Measure F aims to raise parks tax to better fund public spaces

Measure F passed early Wednesday morning with 75% of cast ballots in its favor. Measure F will raise the special parks tax to fund staffing, maintenance and improvements for public spaces such as the Berkeley Rose Garden and children’s play areas.
Amanda Hart/Staff
Measure F passed early Wednesday morning with 75% of cast ballots in its favor. Measure F will raise the special parks tax to fund staffing, maintenance and improvements for public spaces such as the Berkeley Rose Garden and children’s play areas.

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Its campaign might not have the advertising budget of Measure D, the proposed “soda tax,” but Berkeley voters will vote on another tax Tuesday — one that will decide the future of funding for the city’s parks.

If approved, Measure F will raise the special parks tax to fund staffing, maintenance and improvements for public spaces such as the Berkeley Rose Garden and children’s play areas. The measure would represent about a $40-per-year increase for a 1,900-square-foot home. UC property, including campus-owned student housing, would be exempt.

The measure has been endorsed by Mayor Tom Bates and all members of Berkeley City Council, along with several political and environmental organizations. According to Councilmember Gordon Wozniak, Measure F touts one of the most impressive lists of endorsements of any ballot measure.

City parks, he added, are where residents “go to renew their spirit — their soul.”

“One of our goals in Berkeley has always been that everyone should be in walking distance of a beautiful, safe, shared community open space,” said State Senator Loni Hancock, D-Oakland, who is also a supporter of the measure. “This is our way to make sure we can do that in the future.”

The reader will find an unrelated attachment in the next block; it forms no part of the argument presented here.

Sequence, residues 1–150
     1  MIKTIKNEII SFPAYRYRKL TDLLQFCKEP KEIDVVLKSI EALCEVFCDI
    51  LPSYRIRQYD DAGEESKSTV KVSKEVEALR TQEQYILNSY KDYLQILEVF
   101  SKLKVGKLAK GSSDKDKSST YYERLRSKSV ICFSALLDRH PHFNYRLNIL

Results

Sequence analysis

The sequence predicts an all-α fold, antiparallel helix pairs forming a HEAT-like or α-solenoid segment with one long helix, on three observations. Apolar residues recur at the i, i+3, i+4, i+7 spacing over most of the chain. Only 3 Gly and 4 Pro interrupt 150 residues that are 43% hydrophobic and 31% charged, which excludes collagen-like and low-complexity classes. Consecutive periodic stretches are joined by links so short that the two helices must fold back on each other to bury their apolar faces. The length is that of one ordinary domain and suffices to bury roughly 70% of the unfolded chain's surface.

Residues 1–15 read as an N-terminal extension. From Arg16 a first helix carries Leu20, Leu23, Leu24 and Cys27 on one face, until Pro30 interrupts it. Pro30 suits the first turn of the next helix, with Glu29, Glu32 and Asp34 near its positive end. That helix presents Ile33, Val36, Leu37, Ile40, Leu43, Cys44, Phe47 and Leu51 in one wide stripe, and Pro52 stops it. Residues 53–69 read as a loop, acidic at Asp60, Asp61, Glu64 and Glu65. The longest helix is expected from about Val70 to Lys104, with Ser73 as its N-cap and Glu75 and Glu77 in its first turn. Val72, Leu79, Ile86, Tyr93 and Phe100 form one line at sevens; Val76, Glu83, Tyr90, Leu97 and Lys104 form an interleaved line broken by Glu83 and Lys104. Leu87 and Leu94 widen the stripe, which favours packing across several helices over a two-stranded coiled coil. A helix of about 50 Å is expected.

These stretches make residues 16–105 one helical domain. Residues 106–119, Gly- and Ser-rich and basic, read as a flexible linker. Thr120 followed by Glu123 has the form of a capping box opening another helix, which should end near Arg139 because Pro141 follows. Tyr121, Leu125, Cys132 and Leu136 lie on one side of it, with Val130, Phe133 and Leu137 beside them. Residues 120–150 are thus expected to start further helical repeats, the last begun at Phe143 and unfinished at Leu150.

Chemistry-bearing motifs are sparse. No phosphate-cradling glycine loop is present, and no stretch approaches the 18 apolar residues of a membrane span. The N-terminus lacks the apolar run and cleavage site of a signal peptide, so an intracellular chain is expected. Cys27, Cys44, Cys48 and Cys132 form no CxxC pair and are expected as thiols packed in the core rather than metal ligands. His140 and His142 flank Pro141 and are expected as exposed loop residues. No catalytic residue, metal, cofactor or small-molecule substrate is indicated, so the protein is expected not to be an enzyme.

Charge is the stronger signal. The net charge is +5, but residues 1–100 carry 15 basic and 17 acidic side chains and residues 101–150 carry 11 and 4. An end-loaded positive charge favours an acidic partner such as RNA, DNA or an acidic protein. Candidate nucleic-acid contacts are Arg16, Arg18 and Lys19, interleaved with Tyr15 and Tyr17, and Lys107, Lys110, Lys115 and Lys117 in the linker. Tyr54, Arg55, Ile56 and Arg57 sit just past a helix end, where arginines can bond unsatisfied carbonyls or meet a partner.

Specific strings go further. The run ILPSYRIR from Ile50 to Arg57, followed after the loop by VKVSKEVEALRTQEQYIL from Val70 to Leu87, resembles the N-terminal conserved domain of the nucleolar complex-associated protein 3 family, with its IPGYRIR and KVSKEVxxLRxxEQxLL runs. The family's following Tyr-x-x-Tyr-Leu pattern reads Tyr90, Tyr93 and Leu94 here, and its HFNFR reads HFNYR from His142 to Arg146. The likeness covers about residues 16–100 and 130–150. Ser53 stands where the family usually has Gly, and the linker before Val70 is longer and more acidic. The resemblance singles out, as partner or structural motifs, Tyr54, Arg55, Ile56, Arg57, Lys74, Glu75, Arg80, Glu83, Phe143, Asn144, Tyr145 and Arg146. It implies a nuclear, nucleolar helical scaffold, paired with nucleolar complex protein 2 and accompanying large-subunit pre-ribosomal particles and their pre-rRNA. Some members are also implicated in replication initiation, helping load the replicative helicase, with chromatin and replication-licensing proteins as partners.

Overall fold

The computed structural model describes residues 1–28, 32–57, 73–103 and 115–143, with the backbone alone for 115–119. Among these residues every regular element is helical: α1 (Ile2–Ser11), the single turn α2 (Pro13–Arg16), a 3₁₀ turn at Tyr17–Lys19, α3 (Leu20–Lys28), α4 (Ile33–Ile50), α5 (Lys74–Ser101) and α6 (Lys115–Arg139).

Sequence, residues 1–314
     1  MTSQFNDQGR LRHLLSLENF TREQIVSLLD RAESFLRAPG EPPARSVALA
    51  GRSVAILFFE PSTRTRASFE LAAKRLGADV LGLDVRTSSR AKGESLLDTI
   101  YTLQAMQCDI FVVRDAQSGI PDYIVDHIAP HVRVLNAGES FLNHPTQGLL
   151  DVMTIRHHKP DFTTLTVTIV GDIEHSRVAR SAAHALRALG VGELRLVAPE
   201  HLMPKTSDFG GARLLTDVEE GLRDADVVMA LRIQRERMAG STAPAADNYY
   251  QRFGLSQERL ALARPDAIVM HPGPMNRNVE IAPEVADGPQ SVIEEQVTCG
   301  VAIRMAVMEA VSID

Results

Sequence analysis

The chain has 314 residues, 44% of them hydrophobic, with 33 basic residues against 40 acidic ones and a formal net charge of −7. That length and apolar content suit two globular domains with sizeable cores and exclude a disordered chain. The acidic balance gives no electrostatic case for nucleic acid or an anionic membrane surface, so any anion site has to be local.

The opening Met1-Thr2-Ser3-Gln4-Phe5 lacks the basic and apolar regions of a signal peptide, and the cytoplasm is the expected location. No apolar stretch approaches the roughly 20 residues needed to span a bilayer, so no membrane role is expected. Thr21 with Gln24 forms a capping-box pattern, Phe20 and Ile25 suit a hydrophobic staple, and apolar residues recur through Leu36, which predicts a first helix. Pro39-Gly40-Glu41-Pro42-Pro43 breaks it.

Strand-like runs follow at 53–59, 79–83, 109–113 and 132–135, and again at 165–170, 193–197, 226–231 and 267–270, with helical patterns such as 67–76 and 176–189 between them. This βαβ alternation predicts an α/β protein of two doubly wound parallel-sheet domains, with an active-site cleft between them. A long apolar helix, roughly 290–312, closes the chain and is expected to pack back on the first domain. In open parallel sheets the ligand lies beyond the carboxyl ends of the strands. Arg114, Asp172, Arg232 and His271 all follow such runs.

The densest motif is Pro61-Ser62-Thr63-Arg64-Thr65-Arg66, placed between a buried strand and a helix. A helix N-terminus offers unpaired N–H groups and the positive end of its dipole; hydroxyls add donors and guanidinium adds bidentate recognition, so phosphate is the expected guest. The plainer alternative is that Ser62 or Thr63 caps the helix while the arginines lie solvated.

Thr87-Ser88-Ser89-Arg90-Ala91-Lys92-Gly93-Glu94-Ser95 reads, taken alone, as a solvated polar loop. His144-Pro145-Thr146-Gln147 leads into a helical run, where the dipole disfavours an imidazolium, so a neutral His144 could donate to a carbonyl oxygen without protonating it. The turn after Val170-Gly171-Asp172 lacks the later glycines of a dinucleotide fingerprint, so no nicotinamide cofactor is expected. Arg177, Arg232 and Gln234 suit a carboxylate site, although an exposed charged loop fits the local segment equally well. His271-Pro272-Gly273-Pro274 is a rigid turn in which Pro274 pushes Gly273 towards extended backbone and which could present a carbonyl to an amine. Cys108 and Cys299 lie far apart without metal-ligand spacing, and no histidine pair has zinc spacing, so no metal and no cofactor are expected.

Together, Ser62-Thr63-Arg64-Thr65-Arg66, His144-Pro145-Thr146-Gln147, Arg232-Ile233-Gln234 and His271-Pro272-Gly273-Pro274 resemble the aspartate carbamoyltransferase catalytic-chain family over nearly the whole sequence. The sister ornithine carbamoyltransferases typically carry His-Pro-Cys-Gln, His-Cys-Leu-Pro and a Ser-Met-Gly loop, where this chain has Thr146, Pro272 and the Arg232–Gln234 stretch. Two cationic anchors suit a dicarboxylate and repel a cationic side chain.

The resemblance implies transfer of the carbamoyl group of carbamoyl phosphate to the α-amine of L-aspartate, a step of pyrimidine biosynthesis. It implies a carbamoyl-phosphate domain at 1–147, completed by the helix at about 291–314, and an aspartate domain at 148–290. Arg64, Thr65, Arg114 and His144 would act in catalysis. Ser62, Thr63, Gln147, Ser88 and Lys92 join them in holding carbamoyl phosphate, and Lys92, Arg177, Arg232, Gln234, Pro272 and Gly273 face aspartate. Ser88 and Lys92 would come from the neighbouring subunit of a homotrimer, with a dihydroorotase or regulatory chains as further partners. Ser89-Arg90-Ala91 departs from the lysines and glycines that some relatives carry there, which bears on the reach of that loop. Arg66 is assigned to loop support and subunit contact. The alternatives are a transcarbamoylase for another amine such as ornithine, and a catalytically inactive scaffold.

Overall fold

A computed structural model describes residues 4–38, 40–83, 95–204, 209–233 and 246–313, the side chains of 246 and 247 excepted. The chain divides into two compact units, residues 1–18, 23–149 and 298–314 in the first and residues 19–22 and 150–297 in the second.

According to Jim McGrath, chair of the Healthy Berkeley Parks Committee that was formed in support of Measure F, city parks now face additional strains not accounted for in the current parks tax. Proponents say wear and tear caused by weather and a growing Berkeley population, the cost of bringing park facilities into compliance with the Americans with Disabilities Act and heightened inflation beyond the current tax’s built-in inflation factor have all contributed to the deficit.

Annual expenses for operating the parks exceed the current allocated tax revenue by a structural deficit of $500,000 per year, according to city spokesperson Matthai Chakko.

Though McGrath said the Healthy Berkeley Parks Committee initially wanted legislation that would have included improvements such as the reopening of Willard Pool, City Council felt a more modest measure would be more likely to pass.

Critics of Measure F, including Barbara Gilbert — treasurer of the Committee for Fiscal Accountability, Clarity, Transparency and Sustainability — see the new tax as a diversion from larger issues, namely the large benefits for parks employees and alleged financial mismanagement on a broader scale.

“The city has a tremendous budget problem and no plan,” she said. “It’s very hard to get our officials to address this or to get the public to understand it, and one way to get their attention is to not approve tax measures until they come up with a viable plan.”

David Wilson, director of Berkeley Budget SOS, a local fiscal accountability organization, said that while letting parks lose funding is not a solution, until the city fixes its structural budget deficit, taxes such as the one Measure F proposes “will be nothing but Band-Aids” that detract from the “real nature of the issue.”

Because the tax would serve a designated purpose and would be raised by a local government, it must earn two-thirds of the vote to pass under Proposition 13.

G. Haley Massara covers city news. Contact her at [email protected] and follow her on Twitter @BylineGraph.

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